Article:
In primates and in primates only, heterotopic bone induction is initiated by BMPs/OPs and TGF-βs as well as by sintered highly crystalline hydroxyapatites with a specific geometric configuration [2, 9, 10, 12, 40]. This indicates that in the primate, heterotopic ossicles develop as a mosaic structure, and that members of the TGF-β superfamily singly, synergistically and synchronously initiate and maintain the developing morphological structures, playing different roles at different time points of the morphogenetic cascade [2, 9, 10, 12].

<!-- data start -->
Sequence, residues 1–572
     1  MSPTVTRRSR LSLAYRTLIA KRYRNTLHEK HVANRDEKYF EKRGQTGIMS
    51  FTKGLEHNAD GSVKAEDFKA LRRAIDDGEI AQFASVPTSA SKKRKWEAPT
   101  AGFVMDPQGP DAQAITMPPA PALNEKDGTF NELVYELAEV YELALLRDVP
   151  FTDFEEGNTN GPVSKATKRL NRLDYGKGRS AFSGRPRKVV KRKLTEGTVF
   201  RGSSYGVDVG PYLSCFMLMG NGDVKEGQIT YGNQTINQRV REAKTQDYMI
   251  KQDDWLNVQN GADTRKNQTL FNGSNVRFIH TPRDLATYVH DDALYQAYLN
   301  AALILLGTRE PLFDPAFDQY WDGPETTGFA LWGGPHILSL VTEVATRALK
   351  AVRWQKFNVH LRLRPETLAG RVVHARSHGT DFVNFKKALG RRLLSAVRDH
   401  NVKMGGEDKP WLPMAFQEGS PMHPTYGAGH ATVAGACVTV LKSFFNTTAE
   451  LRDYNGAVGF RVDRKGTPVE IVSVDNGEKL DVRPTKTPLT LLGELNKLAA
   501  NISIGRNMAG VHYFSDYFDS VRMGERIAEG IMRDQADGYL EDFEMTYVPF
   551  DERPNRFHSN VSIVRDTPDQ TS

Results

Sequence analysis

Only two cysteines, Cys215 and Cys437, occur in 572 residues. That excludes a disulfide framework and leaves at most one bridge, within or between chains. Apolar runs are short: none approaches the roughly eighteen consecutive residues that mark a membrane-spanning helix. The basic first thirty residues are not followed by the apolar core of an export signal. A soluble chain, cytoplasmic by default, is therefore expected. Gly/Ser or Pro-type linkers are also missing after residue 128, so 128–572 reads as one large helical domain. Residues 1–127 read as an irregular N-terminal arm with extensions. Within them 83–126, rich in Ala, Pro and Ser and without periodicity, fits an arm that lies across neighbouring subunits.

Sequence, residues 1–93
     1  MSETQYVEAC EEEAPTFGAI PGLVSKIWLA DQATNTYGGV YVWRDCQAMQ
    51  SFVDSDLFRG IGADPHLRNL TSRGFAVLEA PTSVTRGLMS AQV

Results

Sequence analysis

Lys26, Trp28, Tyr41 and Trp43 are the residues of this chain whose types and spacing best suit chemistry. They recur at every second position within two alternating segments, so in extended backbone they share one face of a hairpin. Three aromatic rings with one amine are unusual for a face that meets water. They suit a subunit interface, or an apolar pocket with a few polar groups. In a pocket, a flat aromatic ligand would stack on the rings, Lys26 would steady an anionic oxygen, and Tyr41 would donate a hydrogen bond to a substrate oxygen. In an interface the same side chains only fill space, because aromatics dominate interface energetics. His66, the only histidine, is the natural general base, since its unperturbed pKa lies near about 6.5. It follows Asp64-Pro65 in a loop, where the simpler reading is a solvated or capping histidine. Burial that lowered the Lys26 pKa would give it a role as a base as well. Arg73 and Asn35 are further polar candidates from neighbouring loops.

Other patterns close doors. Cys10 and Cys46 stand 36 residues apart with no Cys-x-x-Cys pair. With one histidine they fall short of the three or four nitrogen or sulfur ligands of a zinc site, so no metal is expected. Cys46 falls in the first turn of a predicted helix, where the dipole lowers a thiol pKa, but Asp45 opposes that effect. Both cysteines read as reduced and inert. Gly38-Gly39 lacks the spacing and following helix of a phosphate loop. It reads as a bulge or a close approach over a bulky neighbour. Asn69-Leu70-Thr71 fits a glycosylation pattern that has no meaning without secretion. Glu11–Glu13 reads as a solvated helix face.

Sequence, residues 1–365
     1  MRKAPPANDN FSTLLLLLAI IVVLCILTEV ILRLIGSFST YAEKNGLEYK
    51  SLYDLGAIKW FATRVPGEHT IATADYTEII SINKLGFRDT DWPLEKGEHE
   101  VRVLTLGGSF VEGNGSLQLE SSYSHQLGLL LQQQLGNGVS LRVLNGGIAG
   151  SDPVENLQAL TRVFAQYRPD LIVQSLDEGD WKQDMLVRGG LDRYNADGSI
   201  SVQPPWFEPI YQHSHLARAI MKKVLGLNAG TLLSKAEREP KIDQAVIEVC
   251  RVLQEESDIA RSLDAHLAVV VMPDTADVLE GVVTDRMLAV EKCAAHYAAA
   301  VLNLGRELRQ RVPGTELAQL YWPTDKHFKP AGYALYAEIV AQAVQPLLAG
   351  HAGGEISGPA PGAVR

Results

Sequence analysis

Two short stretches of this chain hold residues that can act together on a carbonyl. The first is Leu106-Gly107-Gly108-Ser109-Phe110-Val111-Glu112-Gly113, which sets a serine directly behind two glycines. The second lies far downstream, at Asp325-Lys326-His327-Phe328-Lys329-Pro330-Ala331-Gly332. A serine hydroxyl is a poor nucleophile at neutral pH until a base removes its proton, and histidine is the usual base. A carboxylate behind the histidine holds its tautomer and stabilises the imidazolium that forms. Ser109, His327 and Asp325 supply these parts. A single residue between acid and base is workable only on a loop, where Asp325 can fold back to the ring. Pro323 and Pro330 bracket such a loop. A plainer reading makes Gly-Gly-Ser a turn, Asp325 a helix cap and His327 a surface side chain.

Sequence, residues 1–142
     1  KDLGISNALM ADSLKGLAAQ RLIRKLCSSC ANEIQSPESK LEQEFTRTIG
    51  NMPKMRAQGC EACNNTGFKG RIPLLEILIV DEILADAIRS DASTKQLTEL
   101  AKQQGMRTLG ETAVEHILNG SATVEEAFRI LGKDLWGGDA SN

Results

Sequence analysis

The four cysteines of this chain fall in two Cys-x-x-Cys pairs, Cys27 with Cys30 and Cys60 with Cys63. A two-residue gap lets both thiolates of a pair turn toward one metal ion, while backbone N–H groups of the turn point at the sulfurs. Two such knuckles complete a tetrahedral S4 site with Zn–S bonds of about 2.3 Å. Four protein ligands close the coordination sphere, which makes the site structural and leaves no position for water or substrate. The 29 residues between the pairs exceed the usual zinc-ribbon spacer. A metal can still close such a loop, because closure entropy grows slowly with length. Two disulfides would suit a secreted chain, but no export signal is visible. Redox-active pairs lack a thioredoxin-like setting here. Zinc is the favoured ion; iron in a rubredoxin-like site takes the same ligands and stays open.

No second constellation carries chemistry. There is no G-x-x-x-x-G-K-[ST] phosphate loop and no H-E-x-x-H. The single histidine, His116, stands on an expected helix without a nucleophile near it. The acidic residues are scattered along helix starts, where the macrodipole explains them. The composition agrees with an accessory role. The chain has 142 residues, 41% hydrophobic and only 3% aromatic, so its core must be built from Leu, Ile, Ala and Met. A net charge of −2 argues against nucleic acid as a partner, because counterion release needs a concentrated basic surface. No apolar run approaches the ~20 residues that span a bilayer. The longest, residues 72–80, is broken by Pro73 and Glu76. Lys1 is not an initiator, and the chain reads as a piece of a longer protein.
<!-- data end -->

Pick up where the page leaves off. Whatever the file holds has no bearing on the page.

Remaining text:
Importantly, predictable osteogenesis in clinical contexts may be engineered for treatment of bone defects using delivery systems that initiate osteogenesis with relatively low doses of recombinant morphogens [2, 10–12, 49]. The intrinsic osteoinductivity regulated by the geometry of the substratum in the absence of exogenously applied osteogenic proteins of the TGF-β superfamily is helping to engineer morphogenetic responses for therapeutic osteogenesis [2, 9–12, 40, 46, 47]. The versatile nature of these biomimetic biomaterials makes them more practical and more cost effective in their clinical application than devices requiring the combination of both biomaterial matrices and DNA recombinantly produced BMPs/OPs [10, 11].